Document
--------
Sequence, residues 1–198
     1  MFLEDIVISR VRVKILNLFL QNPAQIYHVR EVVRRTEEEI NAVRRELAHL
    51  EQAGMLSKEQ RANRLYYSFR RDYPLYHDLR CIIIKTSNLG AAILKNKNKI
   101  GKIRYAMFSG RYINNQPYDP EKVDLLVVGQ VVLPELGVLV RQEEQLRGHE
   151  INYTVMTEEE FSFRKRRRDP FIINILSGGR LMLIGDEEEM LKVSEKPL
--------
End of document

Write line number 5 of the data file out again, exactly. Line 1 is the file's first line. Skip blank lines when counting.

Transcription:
   151  INYTVMTEEE FSFRKRRRDP FIINILSGGR LMLIGDEEEM LKVSEKPL